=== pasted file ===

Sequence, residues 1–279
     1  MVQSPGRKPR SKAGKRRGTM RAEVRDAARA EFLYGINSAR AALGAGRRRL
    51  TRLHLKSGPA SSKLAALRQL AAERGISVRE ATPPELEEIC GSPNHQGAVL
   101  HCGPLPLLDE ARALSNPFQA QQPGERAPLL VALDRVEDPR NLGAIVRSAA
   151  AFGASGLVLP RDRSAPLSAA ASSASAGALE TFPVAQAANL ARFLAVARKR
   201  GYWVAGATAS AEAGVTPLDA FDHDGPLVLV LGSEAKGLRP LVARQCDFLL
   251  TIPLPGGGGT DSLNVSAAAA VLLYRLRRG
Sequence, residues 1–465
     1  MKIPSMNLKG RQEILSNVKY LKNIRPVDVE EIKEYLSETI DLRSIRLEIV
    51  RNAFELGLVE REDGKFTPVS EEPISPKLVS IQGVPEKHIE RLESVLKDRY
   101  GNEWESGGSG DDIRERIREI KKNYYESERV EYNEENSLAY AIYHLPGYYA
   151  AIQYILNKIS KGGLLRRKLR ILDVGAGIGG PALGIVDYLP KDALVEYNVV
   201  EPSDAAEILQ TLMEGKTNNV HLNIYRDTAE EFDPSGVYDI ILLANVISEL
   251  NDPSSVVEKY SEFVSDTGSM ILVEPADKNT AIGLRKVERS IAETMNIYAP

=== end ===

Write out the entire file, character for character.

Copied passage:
Sequence, residues 1–279
     1  MVQSPGRKPR SKAGKRRGTM RAEVRDAARA EFLYGINSAR AALGAGRRRL
    51  TRLHLKSGPA SSKLAALRQL AAERGISVRE ATPPELEEIC GSPNHQGAVL
   101  HCGPLPLLDE ARALSNPFQA QQPGERAPLL VALDRVEDPR NLGAIVRSAA
   151  AFGASGLVLP RDRSAPLSAA ASSASAGALE TFPVAQAANL ARFLAVARKR
   201  GYWVAGATAS AEAGVTPLDA FDHDGPLVLV LGSEAKGLRP LVARQCDFLL
   251  TIPLPGGGGT DSLNVSAAAA VLLYRLRRG
Sequence, residues 1–465
     1  MKIPSMNLKG RQEILSNVKY LKNIRPVDVE EIKEYLSETI DLRSIRLEIV
    51  RNAFELGLVE REDGKFTPVS EEPISPKLVS IQGVPEKHIE RLESVLKDRY
   101  GNEWESGGSG DDIRERIREI KKNYYESERV EYNEENSLAY AIYHLPGYYA
   151  AIQYILNKIS KGGLLRRKLR ILDVGAGIGG PALGIVDYLP KDALVEYNVV
   201  EPSDAAEILQ TLMEGKTNNV HLNIYRDTAE EFDPSGVYDI ILLANVISEL
   251  NDPSSVVEKY SEFVSDTGSM ILVEPADKNT AIGLRKVERS IAETMNIYAP